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What you need to know for Hawkeye practice at Valley Stadium

[ 0 ] April 11, 2014 |
“It was the best fit, and also getting the opportunity to play (NCAA) Division I football,” Iowa quarterback Jake Rudock said of his decision to play for the Hawkeyes. “It’s a little give and take, and then who recruits you.” (Bryon Houlgrave/The Register)

Jake Rudock became Iowa’s starting quarterback last year, but there are plenty of questions for the offense. (Bryon Houlgrave/The Register)

A visit to Valley Stadium will whet your appetite for Iowa football, and may also provide a few insights.

The Hawkeyes arrive in West Des Moines on Saturday for a 1 p.m. practice that is open to the public.

It’ll be our first full glimpse at the 2014 roster and how things might play out this fall.

The key is, knowing what to look for. So here’s a five-step guide:


Fans must have a ticket, which were available for free at participating Hy-Vee stores. The west and southeast gates open at 11:30 a.m.

There will NOT be parking available at Valley Stadium, except for a limited number of handicap spots in the west lot. The Valley Church parking lot, adjacent to the stadium, will have public parking until 4:30 p.m.

Pat Harty: Scheduling of Saturday’s practice in W.D.M. makes one wonder

Additional parking will be available at Valley Southwoods School, Jordan Creek Elementary, West Des Moines City Hall, the library and West Des Moines Church.  Due to the parking limits, fans are encouraged to carpool when possible.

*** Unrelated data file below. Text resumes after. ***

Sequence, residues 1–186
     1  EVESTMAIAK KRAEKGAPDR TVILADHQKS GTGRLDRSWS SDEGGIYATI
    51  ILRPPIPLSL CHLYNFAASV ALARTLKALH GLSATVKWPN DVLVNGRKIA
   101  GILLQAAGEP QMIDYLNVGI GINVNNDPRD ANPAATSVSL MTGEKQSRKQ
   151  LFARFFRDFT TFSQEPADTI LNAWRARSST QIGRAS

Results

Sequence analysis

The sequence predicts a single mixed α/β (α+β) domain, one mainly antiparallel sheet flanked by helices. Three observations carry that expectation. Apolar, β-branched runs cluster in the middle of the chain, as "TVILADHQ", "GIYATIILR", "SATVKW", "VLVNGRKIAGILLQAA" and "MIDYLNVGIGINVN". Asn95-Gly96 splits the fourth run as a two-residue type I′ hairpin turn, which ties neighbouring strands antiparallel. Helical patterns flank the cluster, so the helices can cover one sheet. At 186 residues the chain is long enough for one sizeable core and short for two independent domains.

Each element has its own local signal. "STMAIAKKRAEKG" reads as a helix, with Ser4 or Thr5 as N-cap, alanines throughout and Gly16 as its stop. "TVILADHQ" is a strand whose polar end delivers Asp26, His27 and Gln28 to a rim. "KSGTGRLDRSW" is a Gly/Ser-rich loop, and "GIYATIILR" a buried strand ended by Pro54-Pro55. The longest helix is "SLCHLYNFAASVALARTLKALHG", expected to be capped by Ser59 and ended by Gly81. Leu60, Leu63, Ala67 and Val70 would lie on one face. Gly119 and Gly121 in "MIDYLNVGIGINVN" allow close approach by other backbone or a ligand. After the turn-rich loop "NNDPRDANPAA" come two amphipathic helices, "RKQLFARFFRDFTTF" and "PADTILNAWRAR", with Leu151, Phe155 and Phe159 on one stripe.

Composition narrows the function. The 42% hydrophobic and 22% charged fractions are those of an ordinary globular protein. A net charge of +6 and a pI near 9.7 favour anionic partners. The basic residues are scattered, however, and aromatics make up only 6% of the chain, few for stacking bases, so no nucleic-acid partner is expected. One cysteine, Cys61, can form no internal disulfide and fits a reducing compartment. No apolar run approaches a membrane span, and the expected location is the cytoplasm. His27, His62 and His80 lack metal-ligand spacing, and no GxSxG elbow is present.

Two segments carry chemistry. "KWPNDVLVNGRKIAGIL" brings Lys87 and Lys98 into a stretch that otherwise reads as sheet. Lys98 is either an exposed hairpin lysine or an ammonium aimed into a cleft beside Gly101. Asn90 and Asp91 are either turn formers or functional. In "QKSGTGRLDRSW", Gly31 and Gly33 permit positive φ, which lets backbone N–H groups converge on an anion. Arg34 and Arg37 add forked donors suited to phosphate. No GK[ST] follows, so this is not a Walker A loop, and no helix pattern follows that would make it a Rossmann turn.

It’s pretty easy to snooze during warmups, especially when the special teams are involved.

But an intriguing tussle is taking place between punters Connor Kornbrath and Dillon Kidd.

Kornbrath is the incumbent, but his performance last season was spotty.

“We felt that Connor needed to be pushed,” special teams coach Chris White said. “It’s helped Connor for sure. Dillon is in heavy competition with Connor.”

This is also a debut for place-kicker Marshall Koehn, with four-year starter Mike Meyer gone.

“He knows this is a huge opportunity for him, and he wants to take advantage of it,” White said. “He’s got a really strong leg. The ball jumps off his foot.”


Jake Rudock became the starting quarterback in 2013, and now the real intrigue might be what’s going on with the rest of the offense.

Rudock has more than a half-dozen receivers he can throw to – including Kevonte Martin-Manley, who has 122 career catches for 1,282 yards – but we’re not sure if any of them can emerge as a consistent, reliable playmaker.

He also has four experienced running backs, and a couple others waiting for the chance to prove themselves.

“The most important thing right now is to get the entire team ready,” Rudock said, “(and) get the team better.”


Much of the talk this spring has centered on the Hawkeyes needing to replace their top three linebackers.

Projected starters Travis Perry, Quinton Alston and Reggie Spearman will get first crack at filling the void.

But it’s going to take time.

“It’s going to be fun,” Alston said. “We need some leaders to emerge, and I feel like I have the opportunity to do that.

“Especially playing middle linebacker, I think I need to be one of those guys, I want to be one of those guys and I will be one of those guys.”


When the Hawkeyes visited West Des Moines a year ago, there was cautious vibe. They were coming off a 4-8 season in 2012, and the mood of the 8,000 fans who filtered into Valley Stadium sort of matched by overcast skies.

Saturday’s forecast includes a 50 percent chance of rain, but at least there’s a brighter outlook for this fall.

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Category: Iowa Hawkeyes Football

About Andrew Logue: Andrew has been with the Des Moines Register for 19 years, covering everything from preps to Hawkeye and Cyclone sports, as well as the Drake Relays. View author profile.

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